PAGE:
First of all I think the HDMI cable makes a slight but positive difference over the component cable, maybe the difference between 1080i and 1080p. I suppose I could have been imagining it but Halo 3 seemed just a tad sharper after I switched to an HDMI. Whatever the case, it’s an astonishing and gorgeous game on a 46″ HDMI’d Samsung. It was kind of funny, I switched to a new Comcast plan on Saturday. I had the TV on some program I wasn’t watching and one of the guys installing my cable phone was in front of it. I was fooled for a split second that the installer was actually part of the TV program. It’s that amazing in HD.

Anyway with the XBox 360 came two freebie games (sort of), Kung Fu Panda and Lego Indiana Jones. I spent some time with KFP, which is quite cute and pretty fun at that and quite amazing graphics really. But I doubt I would have bought it on its lonesome. Instead I added Halo 3, Bioshock and Fable 2 to the order. I haven’t touched Fable 2 yet, as I suspect I’ll be obsessed when I do, but the other two are INCREDIBLE and I apparently had enough time to finish both over the week.

I probably can’t add much to dozens of reviews and all the resounding hype on these games, except to agree they both live up to it. Bioshock’s the most original of the two. Your character crashes in a plane swims to a lighthouse and descends into the city of Rapture. Rapture was apparently invented and built by a madman genius in the 40s or thereabouts underwater, based upon Ayn Rand’s philosophies which made him a good villain from my perspective. You become part of a twisty turny plot which starts when you take your first genetic injection (rumbling the controller) and are given powers to go along with a number of firearms and weapons.  The game is a total blast, each new area constructed on the art deco of the 40s and looking like a hybrid of science fiction and old school Sinatra and jazz. It’s hard to go into all the detail but I was drawn in by all the whole experience, hell I can’t even move my middle finger as I type this. The best thing is I can easily see myself playing it again.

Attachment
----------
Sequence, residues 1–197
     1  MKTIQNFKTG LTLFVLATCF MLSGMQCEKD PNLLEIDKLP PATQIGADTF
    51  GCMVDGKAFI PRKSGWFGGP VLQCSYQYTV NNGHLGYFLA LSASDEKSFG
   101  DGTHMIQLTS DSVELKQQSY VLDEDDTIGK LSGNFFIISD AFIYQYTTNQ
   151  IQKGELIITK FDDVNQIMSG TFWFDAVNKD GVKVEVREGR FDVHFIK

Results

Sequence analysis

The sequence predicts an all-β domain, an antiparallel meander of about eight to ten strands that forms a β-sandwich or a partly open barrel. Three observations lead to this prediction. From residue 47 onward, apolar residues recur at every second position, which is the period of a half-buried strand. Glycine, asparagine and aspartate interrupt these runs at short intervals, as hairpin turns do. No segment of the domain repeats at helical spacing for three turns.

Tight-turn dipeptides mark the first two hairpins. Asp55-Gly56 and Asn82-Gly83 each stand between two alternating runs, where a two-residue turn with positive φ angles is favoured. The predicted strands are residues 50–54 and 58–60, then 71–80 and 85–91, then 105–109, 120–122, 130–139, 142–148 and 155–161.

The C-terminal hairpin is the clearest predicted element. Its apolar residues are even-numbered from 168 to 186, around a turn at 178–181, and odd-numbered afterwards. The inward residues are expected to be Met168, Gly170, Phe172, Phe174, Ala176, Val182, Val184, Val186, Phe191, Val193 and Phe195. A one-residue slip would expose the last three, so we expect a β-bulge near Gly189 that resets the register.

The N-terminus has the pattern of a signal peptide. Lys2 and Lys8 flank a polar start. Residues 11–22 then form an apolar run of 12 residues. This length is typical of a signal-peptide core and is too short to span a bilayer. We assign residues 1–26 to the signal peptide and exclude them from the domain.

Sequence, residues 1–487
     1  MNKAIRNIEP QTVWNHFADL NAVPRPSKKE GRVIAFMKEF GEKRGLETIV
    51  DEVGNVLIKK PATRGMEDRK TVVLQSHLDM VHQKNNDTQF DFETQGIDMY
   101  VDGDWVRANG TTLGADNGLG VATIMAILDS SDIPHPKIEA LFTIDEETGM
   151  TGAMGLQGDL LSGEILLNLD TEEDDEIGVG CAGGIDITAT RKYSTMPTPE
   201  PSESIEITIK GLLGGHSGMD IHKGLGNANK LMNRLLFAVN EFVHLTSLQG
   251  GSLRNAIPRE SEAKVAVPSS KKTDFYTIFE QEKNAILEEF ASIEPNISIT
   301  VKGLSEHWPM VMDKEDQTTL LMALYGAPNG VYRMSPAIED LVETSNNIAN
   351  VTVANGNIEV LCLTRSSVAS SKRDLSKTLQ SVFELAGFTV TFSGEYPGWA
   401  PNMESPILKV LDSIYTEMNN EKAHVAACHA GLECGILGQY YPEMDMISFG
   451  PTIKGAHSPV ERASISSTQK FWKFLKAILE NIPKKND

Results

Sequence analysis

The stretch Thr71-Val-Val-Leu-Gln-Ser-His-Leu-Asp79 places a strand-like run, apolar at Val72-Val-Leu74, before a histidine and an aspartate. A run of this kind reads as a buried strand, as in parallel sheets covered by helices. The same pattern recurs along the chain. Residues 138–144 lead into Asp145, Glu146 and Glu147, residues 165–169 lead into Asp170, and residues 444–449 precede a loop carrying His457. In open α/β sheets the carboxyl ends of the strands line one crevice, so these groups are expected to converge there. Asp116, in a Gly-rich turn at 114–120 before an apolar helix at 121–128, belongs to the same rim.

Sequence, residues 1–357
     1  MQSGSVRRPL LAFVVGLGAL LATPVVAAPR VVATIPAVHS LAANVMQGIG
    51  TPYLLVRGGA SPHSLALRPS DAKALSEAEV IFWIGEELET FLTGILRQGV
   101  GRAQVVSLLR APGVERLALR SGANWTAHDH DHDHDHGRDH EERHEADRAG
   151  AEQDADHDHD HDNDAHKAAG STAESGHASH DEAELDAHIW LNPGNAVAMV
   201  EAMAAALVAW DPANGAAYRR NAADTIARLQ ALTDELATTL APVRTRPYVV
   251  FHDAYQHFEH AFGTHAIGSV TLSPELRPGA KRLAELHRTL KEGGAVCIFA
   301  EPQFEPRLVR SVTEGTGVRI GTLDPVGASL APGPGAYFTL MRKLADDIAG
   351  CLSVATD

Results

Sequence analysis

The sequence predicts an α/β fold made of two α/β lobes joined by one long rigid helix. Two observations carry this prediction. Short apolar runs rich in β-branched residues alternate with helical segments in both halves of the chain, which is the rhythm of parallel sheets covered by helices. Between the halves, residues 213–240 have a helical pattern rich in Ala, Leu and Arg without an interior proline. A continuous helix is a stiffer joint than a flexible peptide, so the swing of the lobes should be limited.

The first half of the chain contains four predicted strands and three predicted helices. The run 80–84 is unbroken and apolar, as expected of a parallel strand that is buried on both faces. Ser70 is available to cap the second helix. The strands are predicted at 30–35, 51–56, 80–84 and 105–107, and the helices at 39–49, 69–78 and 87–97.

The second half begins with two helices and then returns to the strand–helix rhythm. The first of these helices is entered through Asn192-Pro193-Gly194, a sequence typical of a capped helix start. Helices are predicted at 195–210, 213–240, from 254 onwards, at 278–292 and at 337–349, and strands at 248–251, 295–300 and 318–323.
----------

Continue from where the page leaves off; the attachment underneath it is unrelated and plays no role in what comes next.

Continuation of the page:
Halo 3 is hugely popular and visually stunning. It was fun enough to make me want to pick up the first two installments which I missed before I started gaming in earnest. It’s a SF military save the universe sort of thing where your Master Chief is a master tactition of every firearm and vehicle you can think of, starting on a planet you’re evacuating from and moving from plot setting to setting, every bit of it just blowing you away on HD. I had the most fun sitting on a vehicle turret and blowing away everything in site without fear of lossing ammo like you do with your guns. Everything from jeeps to tanks to a late game helicopter battle. Just phenomenal and almost tempting enough to want to go live with it, although I think I’d have more fun getting more controllers and playing with friends.

I knew I liked RPGs. Now I know I like FPSs too.